I see sprains, strains and many broken bones nearly every day of my life. That’s the nature of being a surgeon specializing in children’s orthopaedic issues, especially here at Los Angeles Orthopaedic Hospital (LAOH), where we treat many thousands of kids each year. But I had never personally suffered a fracture until this summer.
When I slipped and landed hard on my left knee, I didn’t initially suspect the extent of the injury; when I continued to feel pain, however, I knew something was wrong. I went to the Urgent Care for an X-ray, and the film showed that I had fractured my patella – my kneecap.
My reaction was actually relief. I could see that the fracture wasn’t displaced. This minor type of injury is relatively common in kids, and I have treated it often here at LAOH. I knew it would take about four weeks altogether to heal, and that I wouldn’t need to have surgery and take time off to recuperate.
Naturally, as this was my first fracture as a patient, this was also my first cast. The experience of wearing it was ... awful! Mobility was difficult; it was hard to get out of the car, to shower and keep the cast dry. It was a challenge to conduct surgery: you have to make a place for the cast amongst all the equipment. Happily, we managed, and I was able to work through it.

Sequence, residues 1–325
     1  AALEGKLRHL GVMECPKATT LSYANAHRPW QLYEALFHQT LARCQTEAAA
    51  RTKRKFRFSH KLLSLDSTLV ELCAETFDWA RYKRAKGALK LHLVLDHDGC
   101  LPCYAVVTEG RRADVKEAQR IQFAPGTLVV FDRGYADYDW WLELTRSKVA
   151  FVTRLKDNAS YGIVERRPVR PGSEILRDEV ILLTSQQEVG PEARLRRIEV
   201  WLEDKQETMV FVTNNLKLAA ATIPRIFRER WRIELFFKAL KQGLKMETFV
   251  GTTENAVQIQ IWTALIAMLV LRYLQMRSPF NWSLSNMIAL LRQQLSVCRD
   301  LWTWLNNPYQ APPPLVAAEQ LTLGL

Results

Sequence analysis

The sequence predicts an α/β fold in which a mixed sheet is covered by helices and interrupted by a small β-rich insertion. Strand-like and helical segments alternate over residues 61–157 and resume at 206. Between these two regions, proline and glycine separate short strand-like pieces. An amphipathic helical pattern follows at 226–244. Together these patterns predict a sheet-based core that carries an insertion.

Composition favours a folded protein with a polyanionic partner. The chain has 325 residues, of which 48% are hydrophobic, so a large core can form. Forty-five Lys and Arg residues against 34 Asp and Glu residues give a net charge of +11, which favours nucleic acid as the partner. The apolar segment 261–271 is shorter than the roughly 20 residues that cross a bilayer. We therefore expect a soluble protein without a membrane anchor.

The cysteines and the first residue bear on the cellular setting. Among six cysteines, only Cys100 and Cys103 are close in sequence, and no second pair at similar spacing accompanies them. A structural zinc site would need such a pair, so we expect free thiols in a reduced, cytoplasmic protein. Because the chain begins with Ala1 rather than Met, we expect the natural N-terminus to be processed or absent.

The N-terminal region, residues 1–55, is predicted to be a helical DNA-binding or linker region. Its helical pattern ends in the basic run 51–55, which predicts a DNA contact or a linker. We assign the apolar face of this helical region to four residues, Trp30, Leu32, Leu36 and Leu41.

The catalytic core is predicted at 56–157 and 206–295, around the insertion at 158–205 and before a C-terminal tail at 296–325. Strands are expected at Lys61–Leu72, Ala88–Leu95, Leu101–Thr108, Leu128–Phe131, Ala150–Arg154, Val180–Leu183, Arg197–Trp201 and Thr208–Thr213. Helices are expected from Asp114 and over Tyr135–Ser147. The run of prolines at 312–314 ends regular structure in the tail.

In the clinics, everyone seems surprised, at first, to see the doctor in a cast or on crutches. Then, the kids will ask what happened. We begin to talk, and discover we’re going through the same thing, and that connection seems to make their own injury seem a little more ordinary or bearable for them. For my part, I appreciate gaining this additional perspective on what my patients are going through. It is tough! Knowing that from direct experience will enable me to be more sympathetic.
Apart from that lasting awareness, which is valuable, this will soon be behind me. You keep going. The kids understand. Once they’re through their episode, it’s done. They’re on to the next thing, and life continues. It will be the same for me. It’s just a fracture!